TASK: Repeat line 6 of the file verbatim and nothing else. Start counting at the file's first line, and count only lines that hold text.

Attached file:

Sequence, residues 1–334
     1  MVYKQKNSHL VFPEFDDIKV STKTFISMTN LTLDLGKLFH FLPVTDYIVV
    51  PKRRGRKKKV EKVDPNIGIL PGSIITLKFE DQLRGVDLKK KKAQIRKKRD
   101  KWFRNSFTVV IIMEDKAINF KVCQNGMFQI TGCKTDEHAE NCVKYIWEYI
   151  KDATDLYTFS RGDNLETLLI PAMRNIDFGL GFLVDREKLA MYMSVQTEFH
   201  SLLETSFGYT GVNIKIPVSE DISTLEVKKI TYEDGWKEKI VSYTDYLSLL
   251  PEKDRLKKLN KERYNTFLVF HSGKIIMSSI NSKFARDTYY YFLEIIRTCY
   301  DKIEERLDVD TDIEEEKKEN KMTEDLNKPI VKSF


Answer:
   201  SLLETSFGYT GVNIKIPVSE DISTLEVKKI TYEDGWKEKI VSYTDYLSLL